• Step 5: the total income – Deductible above the line items= Adjusted Income. The deductible above the line may be student loan interest, HSA contribution, 401k/ IRA contribution.
  • Step 6: Adjusted income – standard deduction- tax credits= taxable income.
  • Step 7: Multiply your taxable income with the percentage of the tax bracket schedule.

     To make tax more straightforward for you, I make these steps for you to feel comfortable to follow. Yet, each household individual has a different situation and circumstance, so please do not use this as an absolute solution. You can use this to estimate how much your tax. You can also use this to double-check your tax returns if you file yourself or hire someone does for you. One of the thumb rules for every net income you make from your business is saving 30% of the net income for tax.

3. How To Make Estimated Tax Payments

     Your estimated tax payments are due quarterly on the 15th of the month after each quarter. For example, first quarterly estimated tax is due on April 15. This is for the period from January – March 31. I link the list of payment dues date from IRS website  for your reference.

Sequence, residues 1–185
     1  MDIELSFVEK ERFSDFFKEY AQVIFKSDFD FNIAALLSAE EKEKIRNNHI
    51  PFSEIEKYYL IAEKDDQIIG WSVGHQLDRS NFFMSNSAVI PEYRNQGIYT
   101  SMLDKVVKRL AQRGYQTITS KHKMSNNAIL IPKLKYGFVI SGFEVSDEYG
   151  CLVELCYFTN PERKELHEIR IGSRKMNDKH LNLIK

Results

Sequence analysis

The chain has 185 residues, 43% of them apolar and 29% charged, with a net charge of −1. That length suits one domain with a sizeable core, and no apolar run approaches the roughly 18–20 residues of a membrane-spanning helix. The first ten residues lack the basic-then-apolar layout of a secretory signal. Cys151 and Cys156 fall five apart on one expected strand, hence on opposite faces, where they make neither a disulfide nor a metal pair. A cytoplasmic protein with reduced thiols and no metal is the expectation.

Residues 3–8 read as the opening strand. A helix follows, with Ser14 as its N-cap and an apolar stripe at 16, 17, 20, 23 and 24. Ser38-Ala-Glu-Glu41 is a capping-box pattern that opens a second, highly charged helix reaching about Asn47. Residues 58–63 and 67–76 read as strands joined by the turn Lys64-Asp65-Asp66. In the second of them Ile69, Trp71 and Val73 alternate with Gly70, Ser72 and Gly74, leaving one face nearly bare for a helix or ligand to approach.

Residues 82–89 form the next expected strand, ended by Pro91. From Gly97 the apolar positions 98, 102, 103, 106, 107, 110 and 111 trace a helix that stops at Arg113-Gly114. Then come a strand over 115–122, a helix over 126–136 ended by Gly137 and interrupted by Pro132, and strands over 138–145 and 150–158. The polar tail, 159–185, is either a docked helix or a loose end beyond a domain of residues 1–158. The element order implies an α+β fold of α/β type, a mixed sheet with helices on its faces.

As I mentioned before, making sure that you set aside funds every month will help you avoid the burden of huge payment on each dues date. I know some of my clients feel so overwhelmed when they need to pay the tax. I advise to set aside fund so they are ready.

     I also recommend that you book into your calendar a reminder so you remember to pay your estimated tax on time.

     To pay the estimated tax payments, you can pay by checks, credit/ debit cards or ACH. If you pay by checks, making sure to attach a copy of your quarterly 1040ES, so IRS has your information and book your payments.

     For other payment methods, you can find the link here .